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Scottish forest identified for lynx reintroduction

2020-9-1 13:41| 发布者: hujian| 查看: 40| 评论: 0

摘要: Image copyrightDan O’Sullivan/Lynx UK TrustImage captionThe lynx was once common in Europe  A forest near Loch Lomond has been>  The Lynx UK Trust is launching a public consultation on plans to> ...
Image copyrightDan O’Sullivan/Lynx UK Trust
Image captionThe lynx was once common in Europe

  A forest near Loch Lomond has been>

  The Lynx UK Trust is launching a public consultation on plans to>

  It says it would be perfect for the Eurasian lynx which eats deer.

  But Forestry and Land Scotland has said there are no plans to reintroduce lynx to Scotland.

  Farmers' leaders have described the plans as "wholly unacceptable".

  Lynx were wiped out in the UK by fur hunting and loss of habitat about 1,300 years ago.

  A previous application to>

  The then UK Environment Secretary Michael Gove said government advisers had "particular concerns in a number of areas" - including worries over "organisational resilience", funding and a>

'Success story'

  The Lynx UK Trust said discussions with Scottish Natural Heritage (SNH) about the proposed Scottish>

  The trust claims Eurasian lynx are "a success story in European conservation", following reintroductions in countries such as Germany, France and Switzerland.

Image copyrightDan O’Sullivan/Lynx UK Trust
Image captionThe forest habitat>

  Director of Lynx UK Trust Dr Paul O'Donoghue said: "The Queen Elizabeth Forest park is a lynx paradise, it ticks all the boxes; high deer densities, extensive forest cover, extremely low human population density and no major roads.

  "We have>

  Dr O'Donoghue said widespread community support was "vital".

  "This will not be imposed on anyone," he added. "Rather we see this as an opportunity to build strong networks with partners and stakeholders to deliver what is undoubtedly, the most exciting and large scale conservation project ever proposed in Scotland."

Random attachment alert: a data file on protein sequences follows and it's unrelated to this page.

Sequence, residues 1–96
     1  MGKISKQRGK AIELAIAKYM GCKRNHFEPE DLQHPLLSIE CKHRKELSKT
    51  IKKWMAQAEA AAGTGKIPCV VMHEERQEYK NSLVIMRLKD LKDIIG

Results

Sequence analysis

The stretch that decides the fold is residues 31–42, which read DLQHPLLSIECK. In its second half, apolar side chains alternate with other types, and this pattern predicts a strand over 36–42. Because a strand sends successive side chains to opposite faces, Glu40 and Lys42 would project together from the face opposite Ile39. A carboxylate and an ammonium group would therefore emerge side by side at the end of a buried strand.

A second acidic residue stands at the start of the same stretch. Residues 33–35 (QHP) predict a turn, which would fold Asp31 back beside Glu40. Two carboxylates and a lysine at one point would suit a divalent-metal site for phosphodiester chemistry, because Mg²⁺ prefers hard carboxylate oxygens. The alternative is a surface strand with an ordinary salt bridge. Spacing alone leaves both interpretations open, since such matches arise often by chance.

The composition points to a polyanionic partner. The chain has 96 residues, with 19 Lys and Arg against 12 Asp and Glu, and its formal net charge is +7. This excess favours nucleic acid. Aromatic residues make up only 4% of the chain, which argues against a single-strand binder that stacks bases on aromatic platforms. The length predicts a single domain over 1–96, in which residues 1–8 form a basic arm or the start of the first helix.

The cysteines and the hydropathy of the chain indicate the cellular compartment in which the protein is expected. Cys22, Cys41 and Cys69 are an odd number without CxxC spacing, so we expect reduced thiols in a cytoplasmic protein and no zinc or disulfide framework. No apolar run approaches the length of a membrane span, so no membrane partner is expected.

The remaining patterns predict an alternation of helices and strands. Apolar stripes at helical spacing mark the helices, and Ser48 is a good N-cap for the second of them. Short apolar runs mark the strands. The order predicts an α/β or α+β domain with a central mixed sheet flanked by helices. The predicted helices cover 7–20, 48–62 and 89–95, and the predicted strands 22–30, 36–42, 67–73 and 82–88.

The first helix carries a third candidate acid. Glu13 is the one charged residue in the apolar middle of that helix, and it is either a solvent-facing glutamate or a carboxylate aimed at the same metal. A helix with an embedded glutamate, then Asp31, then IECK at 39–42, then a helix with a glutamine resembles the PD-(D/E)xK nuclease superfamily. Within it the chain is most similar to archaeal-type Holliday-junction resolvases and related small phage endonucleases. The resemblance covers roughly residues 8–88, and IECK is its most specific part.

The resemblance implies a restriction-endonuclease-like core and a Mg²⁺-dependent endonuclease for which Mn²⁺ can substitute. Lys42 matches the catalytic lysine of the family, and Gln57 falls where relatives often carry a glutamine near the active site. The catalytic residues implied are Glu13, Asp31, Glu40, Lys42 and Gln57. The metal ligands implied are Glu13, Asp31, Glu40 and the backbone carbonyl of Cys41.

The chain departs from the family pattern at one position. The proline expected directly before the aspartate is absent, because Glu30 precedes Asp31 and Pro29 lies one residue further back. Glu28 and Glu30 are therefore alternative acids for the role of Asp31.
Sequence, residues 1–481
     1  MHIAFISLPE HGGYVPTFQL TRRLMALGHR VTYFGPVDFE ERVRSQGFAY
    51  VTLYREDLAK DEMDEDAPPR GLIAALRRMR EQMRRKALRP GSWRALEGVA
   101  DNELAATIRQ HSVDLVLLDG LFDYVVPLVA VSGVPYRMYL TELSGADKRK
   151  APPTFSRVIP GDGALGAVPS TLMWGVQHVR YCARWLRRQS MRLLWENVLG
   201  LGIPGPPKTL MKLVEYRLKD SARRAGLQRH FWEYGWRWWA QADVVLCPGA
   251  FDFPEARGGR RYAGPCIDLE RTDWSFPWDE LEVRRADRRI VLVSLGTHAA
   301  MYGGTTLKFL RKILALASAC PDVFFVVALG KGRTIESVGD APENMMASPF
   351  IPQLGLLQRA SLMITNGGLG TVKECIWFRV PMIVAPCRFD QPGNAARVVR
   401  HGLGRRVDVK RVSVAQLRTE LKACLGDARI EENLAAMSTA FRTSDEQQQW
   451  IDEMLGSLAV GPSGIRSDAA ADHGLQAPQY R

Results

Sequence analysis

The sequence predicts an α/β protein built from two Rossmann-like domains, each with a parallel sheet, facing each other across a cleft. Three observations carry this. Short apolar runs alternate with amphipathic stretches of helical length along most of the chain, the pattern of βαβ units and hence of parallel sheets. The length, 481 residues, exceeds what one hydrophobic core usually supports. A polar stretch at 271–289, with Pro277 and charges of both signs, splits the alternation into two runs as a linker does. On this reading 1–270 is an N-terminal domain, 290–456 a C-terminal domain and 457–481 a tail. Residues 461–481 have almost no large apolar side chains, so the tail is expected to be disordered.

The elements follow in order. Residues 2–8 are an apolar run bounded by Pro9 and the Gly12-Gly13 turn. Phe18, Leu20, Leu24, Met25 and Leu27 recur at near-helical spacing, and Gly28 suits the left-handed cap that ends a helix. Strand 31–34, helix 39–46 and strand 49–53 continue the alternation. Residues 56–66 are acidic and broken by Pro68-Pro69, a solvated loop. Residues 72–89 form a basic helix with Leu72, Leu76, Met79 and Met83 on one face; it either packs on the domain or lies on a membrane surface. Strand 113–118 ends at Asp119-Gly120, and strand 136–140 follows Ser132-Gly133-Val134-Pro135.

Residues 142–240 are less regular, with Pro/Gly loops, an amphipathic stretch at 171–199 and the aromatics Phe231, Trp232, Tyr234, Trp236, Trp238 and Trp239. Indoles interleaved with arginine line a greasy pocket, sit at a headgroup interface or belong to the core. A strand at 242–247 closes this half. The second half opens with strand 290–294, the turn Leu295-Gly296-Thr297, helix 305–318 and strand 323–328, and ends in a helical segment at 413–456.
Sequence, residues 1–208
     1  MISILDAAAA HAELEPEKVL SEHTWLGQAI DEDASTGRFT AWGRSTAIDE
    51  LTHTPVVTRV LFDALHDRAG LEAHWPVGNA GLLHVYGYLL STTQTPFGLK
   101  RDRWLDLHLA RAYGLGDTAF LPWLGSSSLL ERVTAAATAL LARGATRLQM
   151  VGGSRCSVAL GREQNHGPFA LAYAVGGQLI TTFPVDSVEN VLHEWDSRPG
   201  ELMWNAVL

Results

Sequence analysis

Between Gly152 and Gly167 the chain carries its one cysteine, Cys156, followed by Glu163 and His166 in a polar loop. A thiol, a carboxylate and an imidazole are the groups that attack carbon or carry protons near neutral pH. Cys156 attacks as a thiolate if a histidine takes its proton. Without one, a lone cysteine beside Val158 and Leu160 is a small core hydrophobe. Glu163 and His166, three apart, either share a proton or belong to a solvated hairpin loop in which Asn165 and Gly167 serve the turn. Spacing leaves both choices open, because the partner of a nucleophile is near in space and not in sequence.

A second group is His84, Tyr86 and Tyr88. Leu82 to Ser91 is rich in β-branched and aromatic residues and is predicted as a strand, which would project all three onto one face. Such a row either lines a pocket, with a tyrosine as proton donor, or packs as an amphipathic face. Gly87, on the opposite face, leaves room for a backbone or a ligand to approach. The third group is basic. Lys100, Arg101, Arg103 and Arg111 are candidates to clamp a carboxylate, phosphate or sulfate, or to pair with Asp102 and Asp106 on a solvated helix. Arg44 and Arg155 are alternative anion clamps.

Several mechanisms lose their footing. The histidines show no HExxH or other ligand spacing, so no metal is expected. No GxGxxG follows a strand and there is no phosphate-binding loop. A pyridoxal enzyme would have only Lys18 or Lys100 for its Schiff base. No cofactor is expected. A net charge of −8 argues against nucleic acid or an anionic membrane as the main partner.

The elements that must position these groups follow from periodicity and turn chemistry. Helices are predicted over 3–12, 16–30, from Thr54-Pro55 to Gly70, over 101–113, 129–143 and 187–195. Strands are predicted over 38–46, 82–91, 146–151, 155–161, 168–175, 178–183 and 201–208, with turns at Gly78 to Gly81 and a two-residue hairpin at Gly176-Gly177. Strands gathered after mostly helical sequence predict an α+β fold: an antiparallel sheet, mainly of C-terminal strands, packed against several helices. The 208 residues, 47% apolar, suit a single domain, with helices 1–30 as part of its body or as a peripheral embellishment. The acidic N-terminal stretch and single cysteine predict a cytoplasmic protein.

Kill rate

  The trust claims no attacks on humans have ever been recorded by a healthy, wild Eurasian lynx anywhere in the world.

  It added that they are "not significant livestock predators", citing figures indicating the average kill rate across Europe was 0.4 sheep, per lynx, per year.

Image copyrightDan O’Sullivan/Lynx UK Trust
Image captionFarmers have grave concerns about the threat to livestock

  Any proposal to introduce lynx in Scotland would be likely to>

  NFU Scotland's environment and land use committee chairman Angus MacFadyen said: "NFU Scotland remains crystal clear that any proposals to re-introduce predators such as lynx are wholly unacceptable to Scottish farmers and crofters.

  "The past three to four years have seen a long line of brazen and presumptuous claims from Lynx UK Trust about the imminent reintroduction of lynx to the UK.

  "Its only application to date, to reintroduce lynx to Kielder, was rejected."

Norwegian woods

  Farmers have cited the example of Norway as showing the threat posed by a species such as the lynx to sheep farmers in particular.

  NFU Scotland Vice President Martin Kennedy said: "On a study trip to Norway in Autumn 2017, an NFUS delegation heard that Norwegian authorities paid out compensation on 20,000 sheep lost to predators.

  "Of the sheep killed in Norway, wolverine accounted for around 34% of losses with the lynx, bear and wolf accounting for 21%, 15% and 9% respectively."

  He added: "Predation in Norway has reduced over the past decade - not because of fewer predators, but the fact that hill farmers have simply stopped keeping sheep."

  SNH has confirmed talks have taken place with Lynx UK Trust, adding: "We are aware of plans by Lynx UK Trust to submit a licence application for the reintroduction of lynx.

  "We met with the organisation on March 9th for an informal pre-application discussion at the request of the applicant.

  "During the meeting we clarified what information would be expected to support an application to reintroduce lynx to Scotland, in line with the Scottish Code for Conservation Translocations."

  A spokesperson for Forestry and Land Scotland said: "The Scottish government has been very clear that there are no plans to reintroduce lynx or any other large carnivores into Scotland, including on any part of the land that we manage.

  "It remains the case - as we had advised in 2018 when this>

  "We are not working with any groups exploring the possibility of re-introducing lynx to any part of the land that we manage and have no plans to do so."



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